The ‘Phillies 50’ series is all about recalling those players who had the least impact on various Philadelphia Phillies ball clubs during the half-century in which I have followed the team.
Each team from 1971-2019 (hopefully we eventually add 2020 as well) has at least one position player and one pitcher who featured a combination of minimal contribution to the Phillies along with an overall minimal MLB career.
Few players in this series fit the bill better than the pitching representative from the 1992 Phillies. The team went 70-92 in that first season under manager Jim Fregosi, becoming the first Phillies club in four years to finish in last place in the NL East standings.
That year, 26-year-old right-hander Darrin Chapin made just one appearance on the mound for the Phillies, one of just four appearances over brief promotions to Major League Baseball.
The first three of those appearances had come with the New York Yankees in 1991. An Ohio native, the Yanks had chose Chapin with their sixth round pick in the regular phase of the 1986 MLB January Draft out of a Cleveland-area community college.
On January 8, 1992 the Yankees sent Chapin to the Phillies in exchange for a player to be named later. That player would turn out to be third baseman Charlie Hayes, who would enjoy a 14-year big-league career.
Chapin pitched most of that 1992 season with the Triple-A Scranton-Wilkes Barre Red Barons in the Phillies farm system. But in late April with the pitching staff in need of a fresh arm on a west coast road trip, he received the call.
Terry Mulholland had started for the Phillies and been roped around for seven runs and nine hits over just 4.1 innings. But newcomer Curt Schilling came out of the bullpen to slow the Padres down with 1.2 shutout frames in relief. It would be another three weeks before Schilling would be converted to a full-time starter.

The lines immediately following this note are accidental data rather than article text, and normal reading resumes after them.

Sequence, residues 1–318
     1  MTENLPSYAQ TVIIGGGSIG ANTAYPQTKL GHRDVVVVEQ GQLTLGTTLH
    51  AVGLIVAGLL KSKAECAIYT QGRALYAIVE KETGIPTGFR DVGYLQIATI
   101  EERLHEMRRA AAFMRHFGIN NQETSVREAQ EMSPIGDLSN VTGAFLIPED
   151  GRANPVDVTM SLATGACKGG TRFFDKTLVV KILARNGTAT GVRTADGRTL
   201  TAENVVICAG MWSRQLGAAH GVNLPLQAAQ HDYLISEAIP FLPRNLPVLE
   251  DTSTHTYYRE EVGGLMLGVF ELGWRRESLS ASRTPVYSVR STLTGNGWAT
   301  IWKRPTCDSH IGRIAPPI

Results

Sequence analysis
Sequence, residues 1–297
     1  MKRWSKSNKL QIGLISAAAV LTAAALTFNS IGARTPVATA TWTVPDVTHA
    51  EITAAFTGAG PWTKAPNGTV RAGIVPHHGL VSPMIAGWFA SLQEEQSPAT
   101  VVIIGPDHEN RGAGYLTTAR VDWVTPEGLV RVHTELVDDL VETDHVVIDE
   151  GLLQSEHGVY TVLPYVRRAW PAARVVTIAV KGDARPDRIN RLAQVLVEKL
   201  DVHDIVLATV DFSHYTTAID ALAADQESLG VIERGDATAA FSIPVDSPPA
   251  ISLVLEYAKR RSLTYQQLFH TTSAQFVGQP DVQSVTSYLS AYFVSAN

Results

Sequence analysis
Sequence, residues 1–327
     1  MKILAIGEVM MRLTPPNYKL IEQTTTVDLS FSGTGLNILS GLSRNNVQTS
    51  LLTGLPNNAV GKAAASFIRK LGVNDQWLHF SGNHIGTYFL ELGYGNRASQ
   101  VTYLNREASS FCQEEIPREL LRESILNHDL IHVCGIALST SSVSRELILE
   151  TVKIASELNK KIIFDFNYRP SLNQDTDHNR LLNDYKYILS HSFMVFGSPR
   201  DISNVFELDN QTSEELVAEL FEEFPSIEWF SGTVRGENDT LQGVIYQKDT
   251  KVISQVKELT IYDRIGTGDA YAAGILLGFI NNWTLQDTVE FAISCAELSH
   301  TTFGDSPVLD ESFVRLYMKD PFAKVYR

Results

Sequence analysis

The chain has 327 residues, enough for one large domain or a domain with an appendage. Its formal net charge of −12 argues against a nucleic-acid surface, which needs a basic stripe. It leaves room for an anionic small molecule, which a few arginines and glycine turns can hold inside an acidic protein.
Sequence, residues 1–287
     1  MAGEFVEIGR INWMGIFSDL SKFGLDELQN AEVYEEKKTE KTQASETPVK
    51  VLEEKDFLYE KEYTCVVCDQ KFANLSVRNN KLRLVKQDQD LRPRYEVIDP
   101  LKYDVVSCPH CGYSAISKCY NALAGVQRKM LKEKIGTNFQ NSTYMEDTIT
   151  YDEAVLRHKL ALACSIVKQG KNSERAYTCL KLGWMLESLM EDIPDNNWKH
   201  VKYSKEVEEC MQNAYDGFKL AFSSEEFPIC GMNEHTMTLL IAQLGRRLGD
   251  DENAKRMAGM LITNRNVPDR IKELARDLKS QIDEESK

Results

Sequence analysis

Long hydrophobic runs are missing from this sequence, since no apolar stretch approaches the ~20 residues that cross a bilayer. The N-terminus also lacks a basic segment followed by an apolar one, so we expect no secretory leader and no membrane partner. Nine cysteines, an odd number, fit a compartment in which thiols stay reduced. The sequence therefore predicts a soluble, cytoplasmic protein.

In the top of the 7th inning the Phillies rallied for four runs to stretch an 8-7 lead out to that 12-7 margin. During that rally, Schilling was lifted for a pinch-hitter, opening the opportunity for Chapin.
He retired the first batter in the bottom of the 7th, Benito Santiago, but then began to unravel. A double by Darrin Jackson was followed by a wild pitch, and then Jerald Clark sent a full-count pitch sailing out deep on a line to left field. That cut the Phillies lead down to 12-9.
Chapin retired the next two batters to get out of the frame with no further damage. Then he produced a 1-2-3 bottom of the 8th inning in which he retired three big hitters in succession in Tony Fernandez, future Hall of Famer Tony Gwynn, and slugger Gary Sheffield.
Mitch Williams would come on to pitch a 1-2-3 inning in the bottom of the 9th and Schilling was credited with just his second win as a Phillies pitcher. There would be 99 more over the next eight-plus seasons for Schilling. But for Chapin, this was the end of the road, at least where the big-leagues are concerned.
Granted free agency following the season, Chapin would pitch in the minor league systems of the Minnesota Twins, Florida Marlins, and Cleveland Indians over the next three years. But he never would return to a Major League Baseball mound.
In 2004, Chapin was honored with induction to the Hall of Fame at his Ohio high school and was at that time living in Warren, Ohio – the town where he was born – with his wife, Liz, and the five children, Justin, Ryan, Tyler, Zachary, and Nadia.